~ Sammath Naur 4: ‘The Ring is mine’, plus jan-u-wine’s “That Which Is My Own”.

~ Sammath Naur 5: Gollum Bites, plus jan-u-wine’s “Frodo’s Remembrance of Gollum”.

~ Sammath Naur 6: Gollum Falls, plus essay on Gollum’s oath.

~ Sammath Naur 7: ‘Give Me Your Hand’, plus jan-u-wine’s “Within the Chamber”.

~ Sammath Naur 8: ‘Take my hand’, plus jan-u-wine’s “The Claiming".

~ Sammath Naur 9: ‘Don't you let go’, plus jan-u-wine’s “In the Garden of the Mind".

~ Sammath Naur 10: ‘Reach’, plus jan-u-wine’s “And I Don’t Mean To".



Other Tables of Links:


~ Entries with jan-u-wine's poems.

~ Frodo & Elijah Wood screencap entries



~ Mechtild


Comments:


Mona
lame_pegasus at 2007-10-17 05:02 (UTC) (Link)
My goodness. This poem is so incredibly gorgeous.
Mechtild
mechtild at 2007-10-17 12:58 (UTC) (Link)
Thanks for commenting, Mona. It really does justice to Sam's inner voice, or what might be his inner voice at this time, I think.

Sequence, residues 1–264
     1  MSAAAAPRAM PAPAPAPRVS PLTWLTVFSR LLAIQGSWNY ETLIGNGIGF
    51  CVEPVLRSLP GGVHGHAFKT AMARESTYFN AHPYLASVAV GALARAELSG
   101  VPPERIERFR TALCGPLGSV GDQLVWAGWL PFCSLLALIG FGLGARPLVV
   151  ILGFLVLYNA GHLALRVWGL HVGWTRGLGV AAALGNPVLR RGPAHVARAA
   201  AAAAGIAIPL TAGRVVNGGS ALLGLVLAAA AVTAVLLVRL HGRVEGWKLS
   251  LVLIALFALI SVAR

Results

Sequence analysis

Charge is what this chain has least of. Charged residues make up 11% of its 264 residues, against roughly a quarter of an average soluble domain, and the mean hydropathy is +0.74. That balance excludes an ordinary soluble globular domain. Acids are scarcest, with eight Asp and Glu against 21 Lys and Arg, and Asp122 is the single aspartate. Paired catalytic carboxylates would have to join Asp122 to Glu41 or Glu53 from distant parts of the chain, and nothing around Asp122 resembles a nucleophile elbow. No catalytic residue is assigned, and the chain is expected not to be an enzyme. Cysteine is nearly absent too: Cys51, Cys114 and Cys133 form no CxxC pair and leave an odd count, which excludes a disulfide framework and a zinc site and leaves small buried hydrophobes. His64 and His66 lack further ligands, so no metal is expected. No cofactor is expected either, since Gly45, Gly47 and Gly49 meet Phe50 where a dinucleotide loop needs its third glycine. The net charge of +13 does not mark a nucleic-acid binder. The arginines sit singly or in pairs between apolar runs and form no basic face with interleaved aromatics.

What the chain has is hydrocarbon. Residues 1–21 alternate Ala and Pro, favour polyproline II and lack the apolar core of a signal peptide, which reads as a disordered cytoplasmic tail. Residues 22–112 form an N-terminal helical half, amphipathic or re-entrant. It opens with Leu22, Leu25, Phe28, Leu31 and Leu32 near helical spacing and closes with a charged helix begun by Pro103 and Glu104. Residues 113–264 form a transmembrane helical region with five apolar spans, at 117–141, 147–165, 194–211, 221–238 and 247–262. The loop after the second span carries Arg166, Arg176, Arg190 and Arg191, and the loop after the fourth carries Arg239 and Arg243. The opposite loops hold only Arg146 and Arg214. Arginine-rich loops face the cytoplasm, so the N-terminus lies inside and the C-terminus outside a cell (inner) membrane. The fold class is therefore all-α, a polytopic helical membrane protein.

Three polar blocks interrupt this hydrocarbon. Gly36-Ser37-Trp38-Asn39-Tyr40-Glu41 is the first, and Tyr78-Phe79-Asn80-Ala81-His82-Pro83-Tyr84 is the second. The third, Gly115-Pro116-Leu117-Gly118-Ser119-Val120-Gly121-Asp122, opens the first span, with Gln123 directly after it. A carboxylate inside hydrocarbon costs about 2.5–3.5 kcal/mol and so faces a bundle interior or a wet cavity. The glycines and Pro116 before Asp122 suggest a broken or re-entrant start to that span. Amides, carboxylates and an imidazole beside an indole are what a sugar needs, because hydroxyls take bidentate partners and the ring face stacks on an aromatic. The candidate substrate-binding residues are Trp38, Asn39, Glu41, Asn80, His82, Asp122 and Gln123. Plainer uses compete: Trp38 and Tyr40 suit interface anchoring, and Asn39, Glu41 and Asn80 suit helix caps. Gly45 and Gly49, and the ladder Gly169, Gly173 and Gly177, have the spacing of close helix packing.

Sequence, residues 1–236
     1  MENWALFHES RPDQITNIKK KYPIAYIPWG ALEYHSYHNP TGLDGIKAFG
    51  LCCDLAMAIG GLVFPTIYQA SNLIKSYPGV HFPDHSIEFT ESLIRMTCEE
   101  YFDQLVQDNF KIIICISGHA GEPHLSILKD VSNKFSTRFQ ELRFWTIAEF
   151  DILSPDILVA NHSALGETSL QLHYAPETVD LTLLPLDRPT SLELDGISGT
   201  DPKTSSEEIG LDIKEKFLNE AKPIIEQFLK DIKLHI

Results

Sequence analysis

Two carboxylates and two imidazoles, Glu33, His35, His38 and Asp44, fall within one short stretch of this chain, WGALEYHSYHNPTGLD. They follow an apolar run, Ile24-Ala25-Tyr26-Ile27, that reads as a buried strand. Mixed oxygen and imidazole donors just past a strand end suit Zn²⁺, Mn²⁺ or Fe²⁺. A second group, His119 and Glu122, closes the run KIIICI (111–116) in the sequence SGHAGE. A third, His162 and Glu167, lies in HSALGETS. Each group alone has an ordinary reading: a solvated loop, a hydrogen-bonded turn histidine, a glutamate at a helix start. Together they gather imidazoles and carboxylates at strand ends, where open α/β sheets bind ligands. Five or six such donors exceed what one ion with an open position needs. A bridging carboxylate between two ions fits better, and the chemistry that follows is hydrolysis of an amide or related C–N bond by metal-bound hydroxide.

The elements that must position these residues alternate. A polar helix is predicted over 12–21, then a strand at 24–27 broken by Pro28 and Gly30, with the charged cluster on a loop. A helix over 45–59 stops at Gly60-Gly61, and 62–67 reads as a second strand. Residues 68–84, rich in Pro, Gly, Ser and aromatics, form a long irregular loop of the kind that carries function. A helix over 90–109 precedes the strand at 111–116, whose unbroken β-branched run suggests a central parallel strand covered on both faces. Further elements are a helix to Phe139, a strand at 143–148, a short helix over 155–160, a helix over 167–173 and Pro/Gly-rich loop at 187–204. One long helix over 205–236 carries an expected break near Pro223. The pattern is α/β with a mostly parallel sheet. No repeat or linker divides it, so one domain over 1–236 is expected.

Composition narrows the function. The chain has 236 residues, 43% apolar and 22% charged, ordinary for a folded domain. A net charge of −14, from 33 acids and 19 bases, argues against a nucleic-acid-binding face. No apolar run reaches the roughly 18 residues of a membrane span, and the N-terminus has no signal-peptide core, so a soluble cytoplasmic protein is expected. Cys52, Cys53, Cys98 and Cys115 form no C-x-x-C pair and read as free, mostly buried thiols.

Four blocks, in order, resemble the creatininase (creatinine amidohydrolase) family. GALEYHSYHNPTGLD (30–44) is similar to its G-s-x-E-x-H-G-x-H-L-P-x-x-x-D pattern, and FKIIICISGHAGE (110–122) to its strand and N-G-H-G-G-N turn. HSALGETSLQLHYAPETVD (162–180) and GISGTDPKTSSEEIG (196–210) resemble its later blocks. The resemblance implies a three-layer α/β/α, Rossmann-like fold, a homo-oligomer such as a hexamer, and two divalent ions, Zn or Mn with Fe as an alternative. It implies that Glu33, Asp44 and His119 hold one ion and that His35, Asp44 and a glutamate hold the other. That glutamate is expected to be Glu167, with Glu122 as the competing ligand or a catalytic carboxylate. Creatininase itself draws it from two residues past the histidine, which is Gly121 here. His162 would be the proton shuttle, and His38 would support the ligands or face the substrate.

Estë   (or ST for short)
este_tangletoes at 2007-10-17 06:27 (UTC) (Link)
Oh my gosh! Thank you, Mechling.

when I see,
already
you have gone where I cannot
follow,


*heart clench*

--Estë
Mechtild
mechtild at 2007-10-17 12:59 (UTC) (Link)
It's a killer, no? How it warms me to think of Sam thinking these things.
(Deleted comment)
Mechtild
mechtild at 2007-10-17 23:25 (UTC) (Link)
Thank you, Mews. Mercy really comes to the fore in this scene, even if it is a matter of urging Frodo to have mercy on himself. PJ and co. did a great job here.

I love the part in Jan's poem when her Sam urges him to see the Shire, and all the things he loved and which he gave so much for, in his eyes so that Frodo's will to live might be revived.
Prim
primula_baggins at 2007-10-17 14:30 (UTC) (Link)
"‘But do you remember Gandalf’s words: Even Gollum may have something yet to do? But for him, Sam, I could not have destroyed the Ring. The Quest would have been in vain, even at the bitter end. So let us forgive him!"

I think I read once that Tolkien said the main message of LOTR was that of mercy. Forgiveness was the trait that both Bilbo and Frodo had that carried them through and helped them to succeed as far as they did.